Crafting Custom Countertops

Project: Miami Beach Condo, Episode 5, Part 3



Bob confronts the remodeling challenge of choosing a flooring material that will deaden sound without sacrificing the sleek, clean look of tile or stone. So the contractors end up installing cork underlayment and click-together cork tiles.

Meantime, the kitchen counters must be laminated on-site after the pre-fabricated countertops fail to fit in the elevator.

Shiny, faux-chrome edging completes the look of the shared dining-kitchen counter, as Bob tours a condo creation by designer DD Allen's, this one done in classic Miami white and pink.
Part 1: Installing Cork Floors
Part 2: Fitting a Vanity Top and Sink
Part 3: Crafting Custom Countertops
Too big for the elevators in the Miami high-rise, the kitchen counters need to be joined together on-site. The installers make a field joint to bring the two main sections together, first by applying contact cement to the edges, then by angling the edges together so the Formica seam forms tightly.

Next, the crew takes on the round dining center. For this specialty rounded counter, Princeton Custom Cabinetry uses a Verola plywood from South America. Once in place, a stainless steel post goes beneath to give the rounded counter some extra support.

The plywood is covered with contact cement, before spacers are laid across the face of the plywood so the crew can position the Formica correctly. When the last spacer is removed, a tight and consistent seam is created.

Once the Formica surface is completely set, the excess is trimmed from the edges of the counter using a straight trim router bit. The edges are trimmed with a funky, retro-looking material resembling chrome.
In this condo renewal project, Bob and the crew demonstrate how to use space, color, and choice finishes to make the most of a small space.

The kitchen is converted into an elegant dining space looking onto the living area, while a closet is transformed into a bar with recessed lighting and glass shelves. And the small bathroom turns into an oasis with luminous glass tile, a wash of color, and sleek new fixtures.

Pocket doors with an antique-look are installed so as to separate the living and sleeping spaces, and furniture is selected to reflect Miami's unique personality.

Finally, the outdoor space overlooking Biscayne Bay is made practical and, perhaps most importantly, comfortable.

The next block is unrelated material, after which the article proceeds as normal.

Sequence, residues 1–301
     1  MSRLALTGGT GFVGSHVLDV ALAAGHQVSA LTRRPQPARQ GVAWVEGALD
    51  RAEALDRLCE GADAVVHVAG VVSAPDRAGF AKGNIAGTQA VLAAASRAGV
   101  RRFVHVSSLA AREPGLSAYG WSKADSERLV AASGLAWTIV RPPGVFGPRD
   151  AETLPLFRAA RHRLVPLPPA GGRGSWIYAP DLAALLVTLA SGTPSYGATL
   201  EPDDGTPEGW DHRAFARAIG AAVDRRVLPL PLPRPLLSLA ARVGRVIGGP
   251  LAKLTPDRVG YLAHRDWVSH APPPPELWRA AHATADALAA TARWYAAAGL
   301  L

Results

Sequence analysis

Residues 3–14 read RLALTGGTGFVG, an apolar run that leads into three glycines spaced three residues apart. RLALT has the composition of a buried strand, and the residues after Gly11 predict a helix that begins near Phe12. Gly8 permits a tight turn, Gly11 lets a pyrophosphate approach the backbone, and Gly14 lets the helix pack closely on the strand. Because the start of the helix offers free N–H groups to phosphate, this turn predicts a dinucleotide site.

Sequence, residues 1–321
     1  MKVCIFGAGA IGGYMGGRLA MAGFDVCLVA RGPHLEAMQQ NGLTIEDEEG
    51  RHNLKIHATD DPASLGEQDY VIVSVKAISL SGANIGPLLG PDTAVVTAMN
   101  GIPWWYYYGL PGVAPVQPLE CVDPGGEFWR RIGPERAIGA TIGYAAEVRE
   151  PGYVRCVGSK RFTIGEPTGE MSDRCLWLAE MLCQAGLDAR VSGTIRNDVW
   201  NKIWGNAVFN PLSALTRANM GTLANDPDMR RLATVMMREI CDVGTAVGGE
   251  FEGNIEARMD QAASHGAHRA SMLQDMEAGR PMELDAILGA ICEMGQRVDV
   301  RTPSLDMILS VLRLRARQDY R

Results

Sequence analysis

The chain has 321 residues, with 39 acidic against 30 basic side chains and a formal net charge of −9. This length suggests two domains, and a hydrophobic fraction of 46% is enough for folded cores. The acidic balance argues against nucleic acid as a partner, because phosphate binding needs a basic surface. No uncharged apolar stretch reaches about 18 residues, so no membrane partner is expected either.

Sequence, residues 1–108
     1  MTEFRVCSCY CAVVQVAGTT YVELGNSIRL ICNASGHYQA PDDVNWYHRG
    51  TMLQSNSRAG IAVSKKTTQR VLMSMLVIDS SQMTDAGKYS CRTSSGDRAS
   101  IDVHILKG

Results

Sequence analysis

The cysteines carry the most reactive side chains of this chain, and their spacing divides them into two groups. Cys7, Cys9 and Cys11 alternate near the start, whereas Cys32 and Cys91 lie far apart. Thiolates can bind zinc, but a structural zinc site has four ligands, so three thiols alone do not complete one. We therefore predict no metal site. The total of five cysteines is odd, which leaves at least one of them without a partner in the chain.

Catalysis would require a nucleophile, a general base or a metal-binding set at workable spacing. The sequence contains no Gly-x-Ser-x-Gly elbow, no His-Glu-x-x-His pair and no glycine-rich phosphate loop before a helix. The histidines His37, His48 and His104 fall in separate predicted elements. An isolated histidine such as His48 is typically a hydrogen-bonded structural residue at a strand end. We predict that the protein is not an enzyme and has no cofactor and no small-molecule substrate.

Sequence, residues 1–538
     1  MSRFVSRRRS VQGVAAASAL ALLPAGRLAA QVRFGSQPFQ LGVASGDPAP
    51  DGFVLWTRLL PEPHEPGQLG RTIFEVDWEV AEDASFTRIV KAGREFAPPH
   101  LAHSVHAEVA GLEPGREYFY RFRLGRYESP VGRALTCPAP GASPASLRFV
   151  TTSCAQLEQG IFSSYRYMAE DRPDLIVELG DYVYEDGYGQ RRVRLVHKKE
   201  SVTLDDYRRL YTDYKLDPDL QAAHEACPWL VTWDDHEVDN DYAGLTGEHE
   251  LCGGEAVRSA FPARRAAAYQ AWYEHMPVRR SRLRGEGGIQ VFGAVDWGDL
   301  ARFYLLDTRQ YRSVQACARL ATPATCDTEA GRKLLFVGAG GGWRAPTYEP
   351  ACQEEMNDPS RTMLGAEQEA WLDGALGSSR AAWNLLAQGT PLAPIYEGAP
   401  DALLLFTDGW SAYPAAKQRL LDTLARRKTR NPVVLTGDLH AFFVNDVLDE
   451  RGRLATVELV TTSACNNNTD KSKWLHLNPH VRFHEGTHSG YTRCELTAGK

Also from Miami Beach Condo

  • Episode 1 - Miami Real Estate Search

    Fixer-upper-miami-beach-real-estate

    Description:
    After touring Miami and visiting the famous Fountainbleau (designed by architect Morris Lapidus), Bob dives into the Miami real estate market in search of a condominium to remodel and refurbish.<br> <br> With the help of realtor Gina Kirkpatrick, Bob finds the ideal fixer-upper. Bob and architect Michael Pierce walk through the dated rooms, brainstorming ways to admit more light into the condo and to make this 950-square-foot space feel less cramped.<br> <br> Looking onto Biscayne Bay from the terrace of the apartment, Bob imagines the condo being a vacation home. With that specific image in mind, Bob prepares to usher in a fresher, less confined look and feel.
  • Episode 2 - Miami Condo Demolition & Designer House Tour

    Dd-allen-house-tour

    Description:
    Bob reviews the demolition plans with project architect Michael Pierce, as the on-site crew proceeds to remove carpets, cabinets, etc. In the midst of this demolition, Bob checks out the rough plumbing for the bathroom and the new wall for the pocket door.<br> <br> A tour of a recently remodeled condo in the same complex gives Bob some ideas for design treatments that work in small spaces.
  • Episode 3 - Condo Feature Installations and Touring Lincoln Road, Miami Beach

    Architectural-history-lincoln-road

    Description:
    With demolition virtually complete, the crew is setting up new walls to separate the sleeping area from the living space. Glass pocket doors will allow light and air to flow through the rooms. By touring Lincoln Road with architectural historian Allan Shulman, Bob gathers information about the neighborhood, which, in the 1950s, accommodated the first pedestrian mall of its kind. Newly rediscovered, Lincoln Road is once again a popular spot for shopping and dining in Miami.
  • Episode 4 - Installing Kitchen Cabinets and Using Glass Shower Tile

  • Episode 6 - Installing Bath Fixtures and a Water-Cooled HVAC System


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